I find this strange, no matter which side it comes from.


Opinion: On anthems and faiths

[Thus I anticipate my derisive critics: allow me to parade my ignorance. You may have your say later and in more public fora, I am sure, than this obscure page. And yes, I know you will take from my ill-informed arguments what you need to build your own powerful ones. ]

Within the context of the ‘Intolerance’ debates in India, some rejoice because it has been declared: ‘It is constitutional not to stand for the national anthem of India.’

Since it is so, therefore one may use any excuse or rationale to refuse to stand. The law is not broken, therefore all is well. And so ethics falls to belief.

What was the precipitating incident? This Indian Muslim family refused and was asked to leave the theatre.

An insistence on respect for the nation is seen by some as an intolerant imposition of majority (Hindu) norms on one of India’s minority communities. Just like before. Those Hindus, even multiple imperialisms haven’t taught them how to tolerate.

Some other members of non-Hindu communities do not see a conflict between faith and nation, religion and respect. https://www.youtube.com/watch?v=RHLd1VjRfzk. But these are the people on the street. Aam aadmi. The bourgeoisie. Philistines. #Modimorons. Bhakts. What do they know?

The nation, after all, according to enlightened postcolonial intellectuals, is dead! Never again should we stand…etc. Hinduism was a construct of the British. The Indian nation was a construct of the British. Postcolonial enlightenment demands that both be cast out. Along with things such as patriotism, but do bring in Harvard whenever possible please, especially at places such as the Kumbh Mela. ‘We’ like being pre-national and post-national at once. Our own cohort of intellectuals have crafted a logic and rhetoric to make it possible, of course the ordinary Indian cannot understand or accept the vision of the subcontinent we are trying to fund and craft.

If my tone has been a touch acid so far, the next bit is straightforward.

My point is utilitarian and democratic: if you wish to avail of the benefits of citizenship in India as a member of a minority community (Special Personal Law above the law of the land, affirmative action, paid pilgrimages, money for every girl child born into specific religions, etc.; India has over 80% constitutional reservations for people of various communities and caste groups and sects, even ‘Hindu’ minorities) then you owe something to the nation. You cannot expect the country at large to submit to your demands for wellness in this life while you invest everything you get in your personal concept of the hereafter as enshrined in this or that faith. Your faith may tell you that the opinions of those who do not support your faithful behavior do not matter, but the rest of India does not need to voluntarily submit to one-sided transactional citizenship, not even when their elites tell them to, especially if your actions and loyalties support the dismantling of said nation.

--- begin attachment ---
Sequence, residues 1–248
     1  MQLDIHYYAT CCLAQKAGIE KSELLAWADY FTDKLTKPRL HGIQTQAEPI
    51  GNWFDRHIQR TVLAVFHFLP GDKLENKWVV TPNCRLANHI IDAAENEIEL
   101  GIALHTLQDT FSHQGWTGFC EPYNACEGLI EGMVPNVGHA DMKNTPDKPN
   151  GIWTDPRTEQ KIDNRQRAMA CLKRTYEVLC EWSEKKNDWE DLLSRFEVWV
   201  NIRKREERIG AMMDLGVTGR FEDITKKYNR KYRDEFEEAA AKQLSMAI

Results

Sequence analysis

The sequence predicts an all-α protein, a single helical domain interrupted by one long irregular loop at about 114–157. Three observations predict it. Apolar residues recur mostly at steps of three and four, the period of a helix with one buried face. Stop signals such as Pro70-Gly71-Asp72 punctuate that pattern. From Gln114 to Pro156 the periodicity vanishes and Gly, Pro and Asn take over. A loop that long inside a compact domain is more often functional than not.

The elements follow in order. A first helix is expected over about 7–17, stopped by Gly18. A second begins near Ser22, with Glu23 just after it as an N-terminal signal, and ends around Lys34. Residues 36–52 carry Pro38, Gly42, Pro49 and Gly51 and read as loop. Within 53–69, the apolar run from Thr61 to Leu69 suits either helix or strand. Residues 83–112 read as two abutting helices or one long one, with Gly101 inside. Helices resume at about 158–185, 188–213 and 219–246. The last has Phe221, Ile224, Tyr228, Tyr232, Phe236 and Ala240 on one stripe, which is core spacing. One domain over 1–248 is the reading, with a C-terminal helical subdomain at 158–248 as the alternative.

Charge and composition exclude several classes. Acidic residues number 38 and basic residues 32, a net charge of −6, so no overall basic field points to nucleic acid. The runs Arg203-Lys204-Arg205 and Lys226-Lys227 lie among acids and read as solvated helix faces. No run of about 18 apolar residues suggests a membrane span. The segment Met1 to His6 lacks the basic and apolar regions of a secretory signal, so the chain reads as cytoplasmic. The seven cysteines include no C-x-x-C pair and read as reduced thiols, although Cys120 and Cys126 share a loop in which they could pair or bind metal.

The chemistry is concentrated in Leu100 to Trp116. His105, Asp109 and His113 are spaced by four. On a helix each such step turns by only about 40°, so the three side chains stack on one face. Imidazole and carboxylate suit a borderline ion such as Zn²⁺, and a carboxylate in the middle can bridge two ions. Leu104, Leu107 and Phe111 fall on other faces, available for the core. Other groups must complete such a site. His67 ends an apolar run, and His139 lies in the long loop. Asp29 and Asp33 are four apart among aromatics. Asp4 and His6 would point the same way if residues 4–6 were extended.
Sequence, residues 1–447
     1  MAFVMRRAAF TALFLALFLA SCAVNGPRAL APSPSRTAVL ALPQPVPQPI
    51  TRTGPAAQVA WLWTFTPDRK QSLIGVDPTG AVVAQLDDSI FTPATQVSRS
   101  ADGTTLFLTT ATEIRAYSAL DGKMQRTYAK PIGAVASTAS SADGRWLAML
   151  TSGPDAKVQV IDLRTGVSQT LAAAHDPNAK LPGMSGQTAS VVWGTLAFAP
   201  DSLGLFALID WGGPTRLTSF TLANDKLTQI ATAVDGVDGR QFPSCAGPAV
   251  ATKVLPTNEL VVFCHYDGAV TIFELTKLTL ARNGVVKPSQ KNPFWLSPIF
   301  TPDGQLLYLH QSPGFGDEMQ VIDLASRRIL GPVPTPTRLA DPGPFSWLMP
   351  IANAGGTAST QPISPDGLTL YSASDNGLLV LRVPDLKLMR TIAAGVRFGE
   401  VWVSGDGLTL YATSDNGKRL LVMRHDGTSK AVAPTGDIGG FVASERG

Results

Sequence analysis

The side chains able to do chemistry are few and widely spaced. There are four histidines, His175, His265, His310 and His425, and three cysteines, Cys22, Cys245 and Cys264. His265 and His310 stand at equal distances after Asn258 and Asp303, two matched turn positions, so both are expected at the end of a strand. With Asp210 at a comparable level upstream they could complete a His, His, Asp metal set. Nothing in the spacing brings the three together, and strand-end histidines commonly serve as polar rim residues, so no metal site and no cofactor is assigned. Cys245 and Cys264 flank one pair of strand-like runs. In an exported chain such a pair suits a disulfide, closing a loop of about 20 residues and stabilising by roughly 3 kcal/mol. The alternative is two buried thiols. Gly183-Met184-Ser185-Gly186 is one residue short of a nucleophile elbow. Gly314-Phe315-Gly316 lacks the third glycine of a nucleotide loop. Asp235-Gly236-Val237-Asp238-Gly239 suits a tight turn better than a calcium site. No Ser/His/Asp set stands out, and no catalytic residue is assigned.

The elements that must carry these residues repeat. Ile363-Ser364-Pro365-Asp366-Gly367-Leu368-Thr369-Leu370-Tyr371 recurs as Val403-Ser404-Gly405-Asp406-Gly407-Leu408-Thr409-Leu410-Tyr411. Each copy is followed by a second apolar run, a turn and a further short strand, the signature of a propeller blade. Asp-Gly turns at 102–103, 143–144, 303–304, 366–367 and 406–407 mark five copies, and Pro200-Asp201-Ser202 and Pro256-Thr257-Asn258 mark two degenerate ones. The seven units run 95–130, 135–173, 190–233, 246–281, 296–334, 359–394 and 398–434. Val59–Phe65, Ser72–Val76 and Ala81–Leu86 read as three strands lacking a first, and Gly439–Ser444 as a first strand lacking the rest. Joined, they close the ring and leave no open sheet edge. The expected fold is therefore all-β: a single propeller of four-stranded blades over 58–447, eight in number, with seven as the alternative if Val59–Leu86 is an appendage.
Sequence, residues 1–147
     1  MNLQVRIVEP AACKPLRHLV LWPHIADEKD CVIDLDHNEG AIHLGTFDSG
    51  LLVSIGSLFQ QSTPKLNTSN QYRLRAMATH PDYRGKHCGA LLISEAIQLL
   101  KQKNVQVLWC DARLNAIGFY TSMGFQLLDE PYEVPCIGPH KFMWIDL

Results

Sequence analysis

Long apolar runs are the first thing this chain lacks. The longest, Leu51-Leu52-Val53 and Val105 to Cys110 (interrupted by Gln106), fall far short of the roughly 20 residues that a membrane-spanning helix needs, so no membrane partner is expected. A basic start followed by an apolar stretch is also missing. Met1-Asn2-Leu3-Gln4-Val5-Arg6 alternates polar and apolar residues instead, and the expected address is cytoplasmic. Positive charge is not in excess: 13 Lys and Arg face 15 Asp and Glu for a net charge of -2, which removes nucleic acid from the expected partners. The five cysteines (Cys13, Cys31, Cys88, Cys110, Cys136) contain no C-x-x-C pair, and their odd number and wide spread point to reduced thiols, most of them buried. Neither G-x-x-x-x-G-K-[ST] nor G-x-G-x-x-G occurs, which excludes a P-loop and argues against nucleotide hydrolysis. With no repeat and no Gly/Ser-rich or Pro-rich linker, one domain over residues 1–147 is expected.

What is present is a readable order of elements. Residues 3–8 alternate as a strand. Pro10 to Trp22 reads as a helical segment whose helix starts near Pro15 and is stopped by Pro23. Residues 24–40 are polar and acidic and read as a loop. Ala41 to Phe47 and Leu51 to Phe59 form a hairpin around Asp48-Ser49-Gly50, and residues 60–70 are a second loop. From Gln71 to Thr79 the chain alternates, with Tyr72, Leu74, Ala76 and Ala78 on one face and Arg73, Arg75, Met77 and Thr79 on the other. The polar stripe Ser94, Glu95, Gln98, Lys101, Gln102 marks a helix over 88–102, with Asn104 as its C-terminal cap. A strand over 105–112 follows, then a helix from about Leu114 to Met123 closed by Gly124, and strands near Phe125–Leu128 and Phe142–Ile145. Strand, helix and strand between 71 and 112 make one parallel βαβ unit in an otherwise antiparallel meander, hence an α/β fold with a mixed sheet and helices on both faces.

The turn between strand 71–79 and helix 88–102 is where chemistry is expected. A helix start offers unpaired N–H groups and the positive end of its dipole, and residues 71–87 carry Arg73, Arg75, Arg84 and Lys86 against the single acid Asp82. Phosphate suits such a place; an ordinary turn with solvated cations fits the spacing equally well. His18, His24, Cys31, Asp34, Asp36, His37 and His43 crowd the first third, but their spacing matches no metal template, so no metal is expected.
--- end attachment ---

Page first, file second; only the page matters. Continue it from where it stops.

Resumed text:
You are not permitted to forego your debts or your duties if you have enjoyed your rights until now. And these apply to every state, to every disgruntled person who claims discrimination and economic backwardness as an excuse for destructive public acts, to every apologist for a libertarian, existentialist agenda in militant activity against bad faith. Take what you can give, and take and give as much as is mutually agreed upon.

If you do not wish to stand for the symbols of the nation, show your respect to the nation by some other means, and do not enter the theatre (of film or nation) until the anthem is over. If all such symbols offend you, do not ask for any special benefits from the nation by virtue of the same belief-system (religion, non-religion) that makes you a minority. Or a majority, for that matter.

We are all, supposedly, talking and fighting over a nation we want the current hapless ‘India’ to be. Make it equitable. Make it democratic.

And please make the constructed (nation, act)and the critiqued (act, law, custom) unique to the locale (the Indian subcontinent). The version of secular democracy that should be allowed to evolve in India — through the daily negotiations of the ordinary public en route to individual life goals — may not coincide with Enlightenment-inherited or foreign-foundation-funded values of what experts think it should be. And that’s as it should be.

 


Giving

I met a man who felt he had not given because he had not lost.

I could not give him any reply. How do you rebut plenty?